The NCSL Blog

21

By Lisa Soronen

In an unauthored opinion in Trump v. New York, the U.S. Supreme Court declined to decide whether President DonaldTrump could lawfully and constitutionally direct the secretary of commerce to provide information to him about the number of undocumented persons so he could exclude them from the census apportionment base. As a result, Trump’s memorandum to this effect stands.

Demonstrators rally at the US Supreme Court on April 23, 2019, to protest a proposal to add a citizenship question in the 2020 Census. Mandel Ngan / AFP - Getty Images fileFederal law requires the secretary of commerce to “take a decennial census of population” and report to the president “[t]he tabulation of total population by states.” The president then transmits to Congress a “statement showing the whole number of persons in each state.”

Trump wants to exclude unauthorized persons from this census number which is used to apportion U.S. House of Representatives seats to the states. He asked the secretary of commerce to provide him the information he needs to do so. States and local governments and others sued the president claiming he has violated federal statutes governing the census as well as the U.S. Constitution.

The court did not decide this case on the merits now describing it as not yet ripe for a decision and “riddled with contingencies and speculation that impede judicial review.” The court noted that while the president “has made clear his desire to exclude aliens without lawful status from the apportionment base,” he has qualified the directive to gather the necessary information with language including “to the extent practicable” and “to the extent feasible.” According to the court, “the record is silent on which (and how many) aliens have administrative records that would allow the Secretary to avoid impermissible estimation, and whether the Census Bureau can even match the records in its possession to census data in a timely manner.”

Justice Stephen Breyer, joined by Justices Sonia Sotomayor and Elise Kagan, dissented. First, they disagree with the majority that the court shouldn’t hear the case. Second, they concluded that excluding undocumented persons from the apportionment base is unlawful.

The dissent rejected the majority’s conclusion that the injuries in this case are too speculative for the court to decide. “The government has confirmed that it can identify millions of [undocumented] people through administrative records. But if the Census Bureau fails to fulfill its mandate to exclude aliens without lawful status and reduce the number of representatives to which certain states are entitled, it will be for reasons not in the record. Where, as here, the government acknowledges it is working to achieve an allegedly illegal goal, this court should not decline to resolve the case simply because the government speculates that it might not fully succeed.”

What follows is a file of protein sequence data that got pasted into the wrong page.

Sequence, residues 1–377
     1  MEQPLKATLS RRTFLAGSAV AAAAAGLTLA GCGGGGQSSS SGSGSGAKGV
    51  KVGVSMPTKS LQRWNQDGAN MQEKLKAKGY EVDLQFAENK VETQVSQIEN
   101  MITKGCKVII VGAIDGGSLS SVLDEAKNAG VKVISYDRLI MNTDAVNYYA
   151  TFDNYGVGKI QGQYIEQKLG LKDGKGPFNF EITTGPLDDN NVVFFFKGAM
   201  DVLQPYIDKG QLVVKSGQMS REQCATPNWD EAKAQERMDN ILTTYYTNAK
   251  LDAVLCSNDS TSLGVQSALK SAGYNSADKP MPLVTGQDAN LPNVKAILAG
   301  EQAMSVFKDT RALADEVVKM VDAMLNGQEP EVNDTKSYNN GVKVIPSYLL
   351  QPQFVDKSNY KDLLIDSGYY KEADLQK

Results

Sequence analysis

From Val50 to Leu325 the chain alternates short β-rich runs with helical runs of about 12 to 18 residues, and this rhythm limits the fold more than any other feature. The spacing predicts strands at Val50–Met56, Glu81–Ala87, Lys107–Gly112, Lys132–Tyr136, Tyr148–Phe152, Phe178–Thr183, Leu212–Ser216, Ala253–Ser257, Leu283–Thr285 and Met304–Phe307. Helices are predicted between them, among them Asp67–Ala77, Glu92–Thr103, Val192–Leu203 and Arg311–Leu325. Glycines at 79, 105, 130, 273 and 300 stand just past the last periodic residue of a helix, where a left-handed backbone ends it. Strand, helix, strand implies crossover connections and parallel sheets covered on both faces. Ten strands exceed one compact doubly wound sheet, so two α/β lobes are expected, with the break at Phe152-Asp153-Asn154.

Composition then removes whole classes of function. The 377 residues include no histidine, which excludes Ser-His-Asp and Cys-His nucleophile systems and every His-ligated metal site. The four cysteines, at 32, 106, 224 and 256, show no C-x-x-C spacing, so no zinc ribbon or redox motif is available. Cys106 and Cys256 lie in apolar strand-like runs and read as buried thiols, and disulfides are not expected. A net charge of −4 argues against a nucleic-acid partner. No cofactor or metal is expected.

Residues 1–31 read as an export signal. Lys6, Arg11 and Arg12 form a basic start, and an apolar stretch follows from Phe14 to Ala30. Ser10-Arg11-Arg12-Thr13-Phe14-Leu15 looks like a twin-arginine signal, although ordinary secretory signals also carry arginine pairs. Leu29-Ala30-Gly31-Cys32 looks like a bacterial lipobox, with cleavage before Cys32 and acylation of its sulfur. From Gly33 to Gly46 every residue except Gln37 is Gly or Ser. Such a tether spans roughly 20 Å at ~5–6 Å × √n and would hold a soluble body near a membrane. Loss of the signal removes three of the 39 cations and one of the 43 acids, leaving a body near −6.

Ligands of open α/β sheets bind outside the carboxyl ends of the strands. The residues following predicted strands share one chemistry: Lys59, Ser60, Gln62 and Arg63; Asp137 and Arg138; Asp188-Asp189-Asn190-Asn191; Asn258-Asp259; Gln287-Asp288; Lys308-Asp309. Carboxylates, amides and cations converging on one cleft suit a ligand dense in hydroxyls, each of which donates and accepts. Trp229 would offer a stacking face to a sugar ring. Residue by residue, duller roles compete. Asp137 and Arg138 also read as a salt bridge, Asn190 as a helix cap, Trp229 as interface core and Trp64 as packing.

Breyer noted in his dissenting opinion that the challengers claim “exclusion of aliens without lawful status from the apportionment count will also negatively affect federal funding that is based on per-State proportional decennial population totals.”

The federal government responded that the challengers “have not identified any reason why the individuals unlawfully removed from the tabulation could not be added back in for purposes of applying funding statutes.” But Breyer pointed out “there is no indication that the Secretary could or would do any such thing—unless of course a court holds that the removal was unlawful.”

The majority opinion disagreed with Breyer’s conclusion that this case implicates federal funds stating: “federal funds are tied to data derived from the census, but not necessarily to the apportionment counts addressed by the memorandum.”

Regarding the merits of the case, the three dissenting justices would have held that excluding undocumented persons from the apportionment base violates federal law. Neither the term “persons” nor the term “in each State,” from the relevant statutory language describing the apportionment base as the “the whole number of persons in each state,” turn on immigration status, according to the dissent.

Lisa Soronen is executive director of the State and Local Legal Center and a regular contributor to the NCSL Blog on judicial issues.

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This blog offers updates on the National Conference of State Legislatures' research and training, the latest on federalism and the state legislative institution, and posts about state legislators and legislative staff. The blog is edited by NCSL staff and written primarily by NCSL's experts on public policy and the state legislative institution.